New Study: Can Prenatal Yoga Help Labor Pain and Delivery Outcomes?

Childbirth is often described as “a miracle,” yet it is also one of the most physically stressful events that can take place in a woman’s life.

Can the practice of yoga during pregnancy support the health of mother during labor? Prenatal yoga helps strengthen and increase the flexibility of the perineum and vaginal muscles, and, one might speculate, these well toned muscles could result in a smoother labor.

Indeed, results from a new study suggest prenatal yoga has positive effects on both labor pain and delivery outcomes.

Prenatal Yoga as a Healthy Option for Pain Management in Labor             

The unique pain of labor is complex and multifaceted, but managing the pain has been correlated with increased maternal satisfaction, as well and improved bonding between mothers and their newborn child.

Unfortunately, the most common approach to pain management for women in labor is pharmaceuticals, which can have negative side effects for both baby and mom. In search of better options, researchers have been examining prenatal yoga as an alternative option for pain management during labor.

New Study Charts the Benefits of Yoga on Labor Pain

A new randomized controlled study published in Complementary Therapies in Clinical Practice offers initial evidence that prenatal yoga may indeed help reduce labor pain in women giving birth.

The study recruited 60 healthy, primiparous (first time having a child) women with no prior experience of yoga, Pilates or Tai Chi. The women were randomly assigned to either the control group or the intervention group.

Participants in the intervention group were instructed in the five components of yoga practice: yoga asanas, chanting om, breath awareness, yoga Nidra, and Dhyana. Starting at the 26th week of gestation, they practiced a 1-hour supervised yoga class three times weekly until their 37th week of gestation.  

To assess the benefits of yoga, researchers measured labor pain using the Visual Analogue Scale three times during the women’s labor: at 3-4 cm cervical dilation, 2 hours later, and again 2 hours after that.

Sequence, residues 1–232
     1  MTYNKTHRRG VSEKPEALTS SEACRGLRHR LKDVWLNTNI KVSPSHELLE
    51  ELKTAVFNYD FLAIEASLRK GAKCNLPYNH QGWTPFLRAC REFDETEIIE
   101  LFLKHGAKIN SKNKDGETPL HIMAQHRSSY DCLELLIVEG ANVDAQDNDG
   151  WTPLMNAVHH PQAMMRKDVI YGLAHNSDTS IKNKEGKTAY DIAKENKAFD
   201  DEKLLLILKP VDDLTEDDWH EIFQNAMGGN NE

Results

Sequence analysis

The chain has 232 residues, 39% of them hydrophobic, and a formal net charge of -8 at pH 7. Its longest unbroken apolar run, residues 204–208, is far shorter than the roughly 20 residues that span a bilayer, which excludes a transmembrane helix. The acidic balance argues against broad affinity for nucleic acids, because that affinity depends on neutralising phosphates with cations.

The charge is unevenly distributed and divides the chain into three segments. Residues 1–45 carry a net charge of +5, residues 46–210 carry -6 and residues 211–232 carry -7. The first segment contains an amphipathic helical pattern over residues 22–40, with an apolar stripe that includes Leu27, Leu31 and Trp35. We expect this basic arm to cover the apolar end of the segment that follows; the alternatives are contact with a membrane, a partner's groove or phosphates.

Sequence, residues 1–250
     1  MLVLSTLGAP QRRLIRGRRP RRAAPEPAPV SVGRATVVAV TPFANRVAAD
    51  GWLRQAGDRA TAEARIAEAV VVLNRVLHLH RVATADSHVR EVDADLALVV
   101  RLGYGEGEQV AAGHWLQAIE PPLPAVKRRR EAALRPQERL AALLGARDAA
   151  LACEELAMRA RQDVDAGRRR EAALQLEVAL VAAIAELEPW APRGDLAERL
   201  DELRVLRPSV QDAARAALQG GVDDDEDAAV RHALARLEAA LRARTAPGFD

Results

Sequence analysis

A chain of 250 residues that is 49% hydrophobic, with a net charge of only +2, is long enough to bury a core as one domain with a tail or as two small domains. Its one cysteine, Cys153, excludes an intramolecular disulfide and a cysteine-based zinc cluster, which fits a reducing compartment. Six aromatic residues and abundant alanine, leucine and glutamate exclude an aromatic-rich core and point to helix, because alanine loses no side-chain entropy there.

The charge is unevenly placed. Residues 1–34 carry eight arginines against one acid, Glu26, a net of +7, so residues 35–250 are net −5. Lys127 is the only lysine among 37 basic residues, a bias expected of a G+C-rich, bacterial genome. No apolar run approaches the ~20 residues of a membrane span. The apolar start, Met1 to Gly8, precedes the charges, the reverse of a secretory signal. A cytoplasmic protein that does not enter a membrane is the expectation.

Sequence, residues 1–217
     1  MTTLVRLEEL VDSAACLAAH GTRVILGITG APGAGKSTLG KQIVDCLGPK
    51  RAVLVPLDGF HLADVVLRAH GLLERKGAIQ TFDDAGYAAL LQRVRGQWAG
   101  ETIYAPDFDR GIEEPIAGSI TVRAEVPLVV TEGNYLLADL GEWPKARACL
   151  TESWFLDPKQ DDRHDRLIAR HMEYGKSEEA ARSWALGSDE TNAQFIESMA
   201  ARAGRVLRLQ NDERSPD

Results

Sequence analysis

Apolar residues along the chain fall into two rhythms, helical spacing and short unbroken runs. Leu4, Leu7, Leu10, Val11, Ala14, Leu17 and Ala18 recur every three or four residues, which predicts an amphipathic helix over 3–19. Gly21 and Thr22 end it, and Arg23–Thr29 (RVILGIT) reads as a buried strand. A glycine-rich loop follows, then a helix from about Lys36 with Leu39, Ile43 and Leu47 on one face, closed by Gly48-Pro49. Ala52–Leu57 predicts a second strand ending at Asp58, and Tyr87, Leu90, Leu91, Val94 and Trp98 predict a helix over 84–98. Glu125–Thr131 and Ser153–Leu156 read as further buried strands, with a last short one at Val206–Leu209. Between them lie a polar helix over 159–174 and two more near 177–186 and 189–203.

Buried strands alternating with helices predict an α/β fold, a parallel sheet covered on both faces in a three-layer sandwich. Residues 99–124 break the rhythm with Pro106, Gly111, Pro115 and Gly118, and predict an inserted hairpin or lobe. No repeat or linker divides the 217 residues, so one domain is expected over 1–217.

Study Results Show Yoga May Help Labor Pain & Delivery Outcome

The study found that when compared to the control group, women in the yoga group:

  • experienced significantly lower lower levels of pain intensity at all three times of labor pain measurement           

  • had a lower frequency of labor induction

  • had a lower percentage of cesarean sections

  • Experienced shorter durations of the 2nd and 3rd stages of labor                                                                                   

In light of these results, researchers suggest that, “as a result of well-toned muscles by performing yoga during pregnancy, women have more energy and are more relaxed.” They note that the perineum and vaginal muscles are strengthened and made more flexible through the practice of yoga, which could result in a smoother labor.                                                

Studies like this provide valuable scientific support for yoga as a non-pharmacological option for labor pain management. The physical practice of yoga can improve the mother’s strength and flexibility while the mindfulness aspect of yoga can concurrently increase the mother’s ability to become in tune with her body and its responses to labor.       


Jahdi, F., Sheikhan, F., Haghani, H., Sharifi, B., Ghaseminejad, A., Khodarahmian, M., & Rouhana, N. (2017). Yoga during pregnancy: The effects on labor pain and delivery outcomes (A randomized controlled trial). Complementary Therapies in Clinical Practice, 27(May), 1-4. Retrieved September 18, 2017, from

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